B-4F Pulldown Assays: To determine whether 4F interacts with IRF5 in the presence of cystosol proteins, we performed 4F pulldown assays on EC cytosolic fractions spiked with recombinant IRF5. Briefly, cytosolic EC fractions were precleared with SA agarose beads (Cat#15942-050, Invitrogen) for 30 minutes at 4°C. IRF5 interactions were enhanced by adding recombinant IRF5 (2% wt/vol, Genscript USA Inc.) to the endothelial cytosolic fractions. 4F and B-4F were added to the cytosolic fractions and incubated for 3 hours at 4°C. SA agarose beads were added and the samples mixed end-over-end overnight at 4°C. The following day the SA agarose beads were isolated by centrifugation. The proteins associated with B-4F were released from the beads with Laemmli buffer and separated by SDS-PAGE (4–15%) as above. IRF5 levels in the pulldown samples were determined by autoradiography of immunoblots as above .
Statistical analysis of data within and between groups was performed with analysis of variance (ANOVA) for repeated measures followed by Bonferroni’s modification of Student’s t-test. The null hypothesis was rejected when P<0.05. All data are expressed as mean ± standard error of the mean (SEM).
To measure an improvement of heart function we measured posterior wall thickness by echocardiography. Posterior wall thickness was significantly higher in the Tsk−/+ mice compared to C57Bl/6J and Tsk−/+ mice treated with 4F (p<0.05) (Figure 1).
Myocardial IRF5 Expression
IRF5 expression in Tsk−/+ hearts was essentially the same as in control hearts (Figure 1, lane 2 vs. lane 1). Interestingly, 4F treatments markedly decreased IRF5 expression in Tsk−/+ hearts compared with the levels in hearts isolated from untreated Tsk−/+ mice (Figure 2, lane 3 vs. lane 2). Image analysis of band densities indicate that 4F treatments reduced IRF5 in Tsk−/+ hearts by 78%.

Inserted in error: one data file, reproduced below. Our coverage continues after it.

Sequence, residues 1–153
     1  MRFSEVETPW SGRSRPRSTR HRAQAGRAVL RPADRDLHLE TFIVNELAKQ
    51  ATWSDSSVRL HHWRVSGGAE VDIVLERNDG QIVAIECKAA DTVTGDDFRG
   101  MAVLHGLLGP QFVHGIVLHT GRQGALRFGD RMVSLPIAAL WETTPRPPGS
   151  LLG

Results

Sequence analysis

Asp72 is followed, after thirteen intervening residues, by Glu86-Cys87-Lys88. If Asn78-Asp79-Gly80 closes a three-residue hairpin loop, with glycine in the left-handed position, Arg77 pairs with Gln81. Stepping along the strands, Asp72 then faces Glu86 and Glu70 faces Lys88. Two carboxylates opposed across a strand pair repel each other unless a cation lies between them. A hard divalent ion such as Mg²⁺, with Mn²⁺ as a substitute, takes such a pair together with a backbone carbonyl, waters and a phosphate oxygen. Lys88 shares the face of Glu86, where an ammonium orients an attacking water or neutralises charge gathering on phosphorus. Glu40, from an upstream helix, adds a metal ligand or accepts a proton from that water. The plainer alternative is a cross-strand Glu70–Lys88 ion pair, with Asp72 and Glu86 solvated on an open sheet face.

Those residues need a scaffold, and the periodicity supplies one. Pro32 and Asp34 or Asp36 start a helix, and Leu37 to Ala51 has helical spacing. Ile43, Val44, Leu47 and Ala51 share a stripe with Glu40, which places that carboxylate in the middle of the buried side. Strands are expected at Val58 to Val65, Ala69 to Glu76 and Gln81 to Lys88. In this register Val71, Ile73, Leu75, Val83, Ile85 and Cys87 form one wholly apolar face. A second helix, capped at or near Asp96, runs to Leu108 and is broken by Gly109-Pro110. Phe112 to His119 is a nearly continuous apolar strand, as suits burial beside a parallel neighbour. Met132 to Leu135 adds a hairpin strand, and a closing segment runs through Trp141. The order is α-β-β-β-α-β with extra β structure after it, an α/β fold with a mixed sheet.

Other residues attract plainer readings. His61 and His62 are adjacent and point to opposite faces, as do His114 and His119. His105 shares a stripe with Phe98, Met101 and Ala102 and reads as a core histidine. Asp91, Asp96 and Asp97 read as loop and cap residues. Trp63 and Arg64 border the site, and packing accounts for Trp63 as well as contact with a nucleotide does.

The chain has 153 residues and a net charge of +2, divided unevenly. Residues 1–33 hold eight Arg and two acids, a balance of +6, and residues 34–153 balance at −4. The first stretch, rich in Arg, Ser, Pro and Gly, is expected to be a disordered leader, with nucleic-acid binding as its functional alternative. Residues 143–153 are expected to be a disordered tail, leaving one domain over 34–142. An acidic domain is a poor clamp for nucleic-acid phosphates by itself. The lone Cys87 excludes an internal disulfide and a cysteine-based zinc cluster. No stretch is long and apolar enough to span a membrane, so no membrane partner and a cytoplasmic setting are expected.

Myocardial IRF5 Phosphoserine and Ubiquitin
IRF5 activation is regulated by serine phosphorylation and ubiquitination , . Phosphoserine levels on IRF5 in Tsk−/+ hearts were essentially the same as the levels on IRF5 in C57BL/6J hearts (Figure 3A). In contrast, the phosphoserine levels on IRF5 in 4F-treated Tsk−/+ hearts were decreased by about 15% when compared with the levels on IRF5 in C57BL/6J and the untreated Tsk−/+ hearts. Interestingly, total ubiquitin on IRF5 was increased in 4F-treated Tsk−/+ hearts compared with the levels on IRF5 in C57BL/6J hearts (Figure 3B). The ubiquitinated lower band (Figure 3B, lane 3) may represent an inactive degradation product of IRF5 as the molecular weight of this band is notably less than the molecular weight of IRF5 in untreated Tsk−/+ hearts (Figure 3B, lane 2). These post-translational changes in IRF5 coincided with marked decreases in IRF-5 nuclear localization (Figure 3) suggesting that the increase in ubiquitin on IRF5 in 4F-treated Tsk−/+ mice may have resulted in IRF5 degradation rather than nuclear translocation. Although ubiquitination is reported to play a role in IRF5 translocation to the nucleus , ubiquitin K63 levels on IRF5 were actually decreased in hearts of Tsk−/+ mice and increased in hearts of 4F-treated Tsk−/+ mice (Figure 3C). These data suggest that IRF5 is activated in Tsk−/+ hearts and inactivated in 4F-treated Tsk−/+ hearts. Our observation that phosphoserine decreased and total ubiquitin increased on IRF5 in 4F-treated Tsk−/+ hearts relative to the levels on IRF5 in untreated Tsk−/+ hearts is consistent with this possibility. Taken together these changes suggest that 4F treatments inactivate IRF5 and increase its degradation in Tsk−/+ hearts.
Western blot analysis of IRF5 immunoprecipitates from whole heart lysates shows that phosphoserine levels on IRF5 were essentially the same in Tsk−/+ hearts as the levels on IRF5 in C57BL/6J hearts. 4F treatments reduced phosphoserine levels on IRF5 in Tsk−/+ hearts compared with the levels on IRF5 in hearts from Tsk−/+ and C57BL/6J mice. Total ubiquitin on IRF5 was upregulated in Tsk−/+ hearts and 4F treatments of Tsk−/+ mice, significantly increased total ubiquitin levels on IRF5 in the Tsk−/+ hearts compared with the levels on IRF5 in C57BL/6J hearts (* = p<0.05, n = 4). Finally, K63 ubiquitin on IRF5 in Tsk−/+ hearts is decreased compared to the levels on IRF5 in C57Bl/6J myocardium. 4F treatments of Tsk−/+ mice increased K63 ubiquitin on IRF5 in Tsk−/+ hearts with the levels on IRF5 from treated Tsk−/+ mice being the highest when compared with levels in C57BL/6J and Tsk−/+ myocardium.
Myocardial IRF5 Positive Nuclei and Apoptotic Cells